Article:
The Quintana-Arroyo family (husband, wife, and three sons) met The Salvation Army through Emergency Disaster Services after being displaced from Puerto Rico by Hurricane Maria, forcing them to relocate to Florida.
The family stayed in The Salvation Army’s Emergency Shelter and learned about the Pathway of Hope Initiative.
Over time, the wife found employment, followed by her husband, who began working at a Salvation Army board member’s construction company.
Through affiliation with a local community partner, the family was gifted a vehicle.
With one son recently graduating high school and another in college, the family has been able to save more than $7,000 and are now in the final stages of purchasing a home.
The Salvation Army’s Pathway of Hope Initiative has helped the family to become financially stable, increase their credit score, and position themselves to become homeowners.
The Salvation Army provided the necessary tools and services to help this family re-establish their life while working cohesively with community partners toward meeting their goals.
Through the support of donors, The Salvation Army is able to help families like this every day. Your gift today will help The Salvation Army serve families in need in your community.
By: Antoinette Vitale
Richard Stetina has fond memories of going to parks as a child. He still can recall every detail of the ones that are most special to him. When he took a tour of The Salvation Army’s Towers Center of Hope and the Red Shield Lodge shelter for women and families in Jacksonville, Florida, the playground made an impression on him – but not for the right reasons.
It was old, in disrepair and clearly in need of some love. After he went home, the playground kept coming up in his mind. Finally, he decided that he needed to do something about it.
“I went home, and I guess it was two or three days before I started thinking about it again,” Stetina said. “And I thought, you know, I could so something that would be better. I made my proposal, it was accepted, and here we are today.”
Stetina could have just written a check and felt good about the difference he made. But he isn’t that kind of fellow. He researched the best playgrounds and the best building materials and imagined what would provide the best playground experience for the children, drawing from his own happy memories. When the time came to tear out the old playground and build the new, Stetina put in hours of his own sweat equity.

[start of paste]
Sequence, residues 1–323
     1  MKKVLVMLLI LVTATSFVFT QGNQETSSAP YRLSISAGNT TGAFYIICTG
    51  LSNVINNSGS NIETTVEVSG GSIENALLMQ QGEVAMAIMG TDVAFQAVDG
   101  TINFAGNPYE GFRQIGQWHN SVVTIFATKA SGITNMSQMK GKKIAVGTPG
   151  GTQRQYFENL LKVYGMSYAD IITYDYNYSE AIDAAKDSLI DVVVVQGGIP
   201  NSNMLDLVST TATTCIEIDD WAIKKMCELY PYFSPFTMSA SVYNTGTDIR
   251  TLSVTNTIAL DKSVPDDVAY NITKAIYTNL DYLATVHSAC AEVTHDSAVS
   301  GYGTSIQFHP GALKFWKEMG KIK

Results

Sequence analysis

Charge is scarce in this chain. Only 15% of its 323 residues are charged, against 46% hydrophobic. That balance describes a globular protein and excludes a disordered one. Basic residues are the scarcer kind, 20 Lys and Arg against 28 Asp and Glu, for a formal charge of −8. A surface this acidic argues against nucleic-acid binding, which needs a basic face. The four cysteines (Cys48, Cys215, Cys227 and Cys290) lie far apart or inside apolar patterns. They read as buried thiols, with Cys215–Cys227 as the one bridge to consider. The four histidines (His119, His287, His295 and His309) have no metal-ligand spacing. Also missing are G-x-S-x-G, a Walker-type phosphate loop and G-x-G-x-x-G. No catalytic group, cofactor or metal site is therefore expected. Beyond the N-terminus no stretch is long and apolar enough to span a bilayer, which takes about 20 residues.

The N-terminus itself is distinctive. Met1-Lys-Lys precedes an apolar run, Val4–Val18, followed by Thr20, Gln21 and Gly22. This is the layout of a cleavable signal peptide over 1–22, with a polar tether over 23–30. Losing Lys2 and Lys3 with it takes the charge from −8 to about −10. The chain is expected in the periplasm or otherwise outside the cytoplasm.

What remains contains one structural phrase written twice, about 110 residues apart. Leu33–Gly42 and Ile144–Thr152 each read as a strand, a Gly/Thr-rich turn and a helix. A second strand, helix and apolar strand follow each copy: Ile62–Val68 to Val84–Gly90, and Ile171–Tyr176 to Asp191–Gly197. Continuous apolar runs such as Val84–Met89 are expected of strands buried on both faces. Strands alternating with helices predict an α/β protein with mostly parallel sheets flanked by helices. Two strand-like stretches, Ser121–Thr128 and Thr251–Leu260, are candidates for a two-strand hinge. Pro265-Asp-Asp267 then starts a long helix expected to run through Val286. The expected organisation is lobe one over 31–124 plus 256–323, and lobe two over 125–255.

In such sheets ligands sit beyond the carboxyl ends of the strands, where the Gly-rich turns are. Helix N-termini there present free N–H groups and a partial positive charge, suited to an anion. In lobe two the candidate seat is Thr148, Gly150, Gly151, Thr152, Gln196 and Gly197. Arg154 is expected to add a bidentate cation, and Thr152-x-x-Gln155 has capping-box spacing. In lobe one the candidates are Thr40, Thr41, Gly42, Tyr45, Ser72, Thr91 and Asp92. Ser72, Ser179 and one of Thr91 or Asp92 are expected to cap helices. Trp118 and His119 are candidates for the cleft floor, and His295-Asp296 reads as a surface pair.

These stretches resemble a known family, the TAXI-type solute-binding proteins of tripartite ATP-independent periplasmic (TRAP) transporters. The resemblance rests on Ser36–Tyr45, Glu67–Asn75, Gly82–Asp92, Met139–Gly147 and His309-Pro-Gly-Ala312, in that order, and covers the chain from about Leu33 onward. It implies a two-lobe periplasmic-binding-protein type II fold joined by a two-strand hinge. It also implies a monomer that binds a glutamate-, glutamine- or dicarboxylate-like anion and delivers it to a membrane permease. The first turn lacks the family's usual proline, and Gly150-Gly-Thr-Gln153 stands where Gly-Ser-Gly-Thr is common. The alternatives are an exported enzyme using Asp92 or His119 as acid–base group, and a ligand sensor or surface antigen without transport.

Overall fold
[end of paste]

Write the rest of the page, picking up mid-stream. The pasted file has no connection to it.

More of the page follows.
The result of his labor of love is incredible. Hope Park is now a vibrant and engaging playground of the highest quality. The children who stay at the Red Shield Lodge now bound out of the doors and play with abandon on a playground created with an enormous level of care. Stetina designed the entire experience of the playground with intention.
“What I tried to do here was to incorporate some of the things that I remember from the days that I visited parks,” he said. “We’ve incorporated a mural on the perimeter wall which has some phrases and inspirational words that hopefully the children and parents can take with them. Maybe it will be inspirational enough that it will change their lives a little bit.”
Hope Park is not the only thing Stetina has created that will change the lives of shelter residents and other Salvation Army clients in the Jacksonville area. He is also providing funding through his two endowments to enable veterans and other adult clients to continue their education or job skills training so they can build a better life. Stetina’s sustaining gifts support The Salvation Army’s local Pathway of Hope program that offers participants the opportunity to break the cycle of generational poverty. The overarching goal of the program is to provide participants the order to become more stable and self-sufficient. In addition to creating Hope Park, Stetina has also created a third endowment to provide for the future maintenance of the park, ensuring its preservation.
At the center of the Hope Park project for Stetina, from the start, was the children.
“Really, the kids here are the innocent victims of their particular situation,” he said. “I thought if I could turn a frown into a smile, that would be an achievement. Who knows, maybe they’ll be brought back someday having remembered the good times that they had here and want to be a part of this organization in some fashion. You never know where things like this will lead.”
The Salvation Army’s Pathway of Hope initiative is an approach launched by The Salvation Army in 2011 to provide targeted services to families with a desire to take action to break the generational cycle of crisis and enable a path out of poverty.
With locations across Florida, The Salvation Army is able to help families in need find a clear path to self-sufficiency.
Here’s a note from Meredith, a recent graduate from the Pathway of Hope program:
My sons and I moved to Bradenton a little over a year ago. I had no direction and zero dollars saved. I heard about the Pathway of Hope (initiative) from my mom and was encouraged to contact the program.
While participating in the program I have had an amazing accountability partner and a new friend, Lynn.
As of now, I have a savings account and I have paid one of my credit cards off in full! I am forever grateful for the kindness and support I have received from The Salvation Army.
To help us serve people in need in your community, please consider giving today.
“Overcomer” is a production of Affirm Films, the faith division of Sony Pictures World Wide Acquisitions and is produced by Stephen Kendrick and Aaron Burns and is directed by Alex Kendrick.
In 1999, Kendrick became associate pastor of media at Sherwood Baptist Church in Albany, Ga. He took his brother’s sermons and made them into movies.